Blood tests: These are performed to check the deficiency of hormones due to pituitary failure and are of two types. Basal tests where blood samples are taken usually in the morning without any form of stimulation. The second one is stimulation or dynamic testing where blood tests are performed to check the body’s secretion of hormones after injecting certain medications that stimulate hormone productions.

Imaging tests: Magnetic resonance imaging (MRI) of the brain is performed to detect a pituitary tumor or other structural abnormality and sometimes CT scan with radiocontrast is preferred if MRI is not available.

Magnetic Resonance Imaging (MRI) Can Help Detect Pituitary Tumor

Vision tests: Perimetry tests are carried out to determine if the growth of a pituitary tumor has damaged the sight or visual fields.

How do you Treat Hypopituitarism?

Treatment of hypopituitarism generally involves elimination of the underlying cause, replacing the deficient hormones, and managing the problems arising due to hormone deficiencies.

Surgery: If the hypopituitarism is caused by the pituitary tumor, then the surgical removal of the tumor is preferred.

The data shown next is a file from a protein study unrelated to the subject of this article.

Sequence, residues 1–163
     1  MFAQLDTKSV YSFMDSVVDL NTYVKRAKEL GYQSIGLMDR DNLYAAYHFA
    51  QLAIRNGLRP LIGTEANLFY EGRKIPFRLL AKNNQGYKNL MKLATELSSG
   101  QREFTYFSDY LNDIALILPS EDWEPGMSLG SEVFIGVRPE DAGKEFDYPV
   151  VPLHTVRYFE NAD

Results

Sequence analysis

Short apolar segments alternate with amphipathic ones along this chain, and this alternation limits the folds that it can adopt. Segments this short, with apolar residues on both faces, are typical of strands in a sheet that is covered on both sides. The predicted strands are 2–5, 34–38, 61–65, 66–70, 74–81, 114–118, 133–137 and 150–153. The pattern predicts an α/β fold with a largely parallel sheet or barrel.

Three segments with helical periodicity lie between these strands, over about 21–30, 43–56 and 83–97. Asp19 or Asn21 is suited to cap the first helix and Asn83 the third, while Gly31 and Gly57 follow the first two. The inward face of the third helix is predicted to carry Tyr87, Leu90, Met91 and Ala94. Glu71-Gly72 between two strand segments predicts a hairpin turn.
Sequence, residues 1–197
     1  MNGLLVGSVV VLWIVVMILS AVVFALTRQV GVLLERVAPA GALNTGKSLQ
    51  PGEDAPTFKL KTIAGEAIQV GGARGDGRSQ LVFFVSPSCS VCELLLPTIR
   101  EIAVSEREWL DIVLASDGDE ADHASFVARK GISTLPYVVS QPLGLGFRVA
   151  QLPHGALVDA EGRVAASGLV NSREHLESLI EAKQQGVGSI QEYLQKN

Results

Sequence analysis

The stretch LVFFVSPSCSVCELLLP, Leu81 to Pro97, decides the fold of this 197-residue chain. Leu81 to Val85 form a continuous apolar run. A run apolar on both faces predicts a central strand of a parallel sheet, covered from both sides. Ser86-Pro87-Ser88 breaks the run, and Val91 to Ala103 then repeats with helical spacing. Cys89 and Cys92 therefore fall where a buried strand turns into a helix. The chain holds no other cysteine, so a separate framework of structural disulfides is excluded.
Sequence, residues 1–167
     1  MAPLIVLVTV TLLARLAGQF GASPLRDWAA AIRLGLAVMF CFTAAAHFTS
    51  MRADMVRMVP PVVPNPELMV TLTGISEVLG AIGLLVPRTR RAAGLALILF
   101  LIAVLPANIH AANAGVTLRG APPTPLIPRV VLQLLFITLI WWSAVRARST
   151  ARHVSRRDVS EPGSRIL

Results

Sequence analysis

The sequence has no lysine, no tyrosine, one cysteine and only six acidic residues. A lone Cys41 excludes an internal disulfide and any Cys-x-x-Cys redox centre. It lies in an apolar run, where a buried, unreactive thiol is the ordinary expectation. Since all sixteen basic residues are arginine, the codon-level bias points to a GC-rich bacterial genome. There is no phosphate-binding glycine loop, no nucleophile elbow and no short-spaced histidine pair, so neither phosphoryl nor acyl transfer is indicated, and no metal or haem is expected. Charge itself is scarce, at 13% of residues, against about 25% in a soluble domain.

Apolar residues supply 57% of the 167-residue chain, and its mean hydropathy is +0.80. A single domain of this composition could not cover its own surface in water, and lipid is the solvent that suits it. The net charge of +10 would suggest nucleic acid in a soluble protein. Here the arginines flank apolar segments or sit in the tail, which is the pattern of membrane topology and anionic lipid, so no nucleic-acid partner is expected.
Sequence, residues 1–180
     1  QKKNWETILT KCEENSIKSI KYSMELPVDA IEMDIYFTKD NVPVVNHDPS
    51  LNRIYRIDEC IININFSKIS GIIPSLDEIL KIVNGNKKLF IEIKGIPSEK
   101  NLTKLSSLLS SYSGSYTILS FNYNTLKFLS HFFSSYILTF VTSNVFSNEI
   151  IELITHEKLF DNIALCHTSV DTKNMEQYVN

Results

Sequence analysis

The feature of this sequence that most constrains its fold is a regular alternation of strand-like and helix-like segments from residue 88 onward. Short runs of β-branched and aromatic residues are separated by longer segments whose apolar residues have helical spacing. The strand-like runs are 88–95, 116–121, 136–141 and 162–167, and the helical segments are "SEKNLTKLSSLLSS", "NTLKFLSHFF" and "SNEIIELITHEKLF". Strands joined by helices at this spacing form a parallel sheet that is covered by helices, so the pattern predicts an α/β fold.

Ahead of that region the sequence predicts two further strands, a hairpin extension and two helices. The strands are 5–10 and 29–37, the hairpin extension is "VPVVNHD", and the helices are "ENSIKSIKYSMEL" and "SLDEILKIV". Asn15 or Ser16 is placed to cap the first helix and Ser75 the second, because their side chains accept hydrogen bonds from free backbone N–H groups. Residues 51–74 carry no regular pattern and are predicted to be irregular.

Radiation therapy: In some situations, radiation is preferred to destroy the pituitary tumors.

Hormone replacement

  • Corticosteroids: Hydrocortisone or prednisone is administered to replace the adrenal hormones that are not being produced due to adrenal insufficiency.
  • Levothyroxine: This is administered to replace the deficient thyroid hormone levels caused due to insufficient TSH production (hypothyroidism).
  • Sex hormones: To compensate for the gonadotropin deficiency, testosterone in males and either estrogen alone or a combination of estrogen and progesterone is administered in females.
  • Growth hormone: In children with GH deficiency, growth hormone is injected beneath the skin to promote growth; however, in adults, GH is not usually replaced unless the patient is symptomatic of GH deficiency, after replacing all other pituitary hormones.
  • Gonadotropins: In case of infertility, gonadotropins such as LH and FSH can be administered by injection to stimulate sperm production in men and ovulation in women.
Hormone Replacement Therapy Can Treat Patients With Hypopituitarism

Health Tips

  • Individuals suffering from hypopituitarism are more prone to heart attacks, stroke and infections and so they should take steps to control their risks of developing cardiovascular diseases.
  • Maintain a healthy lifestyle with adequate exercise and a diet rich in fruits and vegetables.
  • Do meditation and yoga to reduce stress.
  • Get your hormone levels checked at regular intervals following hormone replacement therapy.
  • Regularly consult doctors for managing and reducing the side effects of the hormone replacement therapy.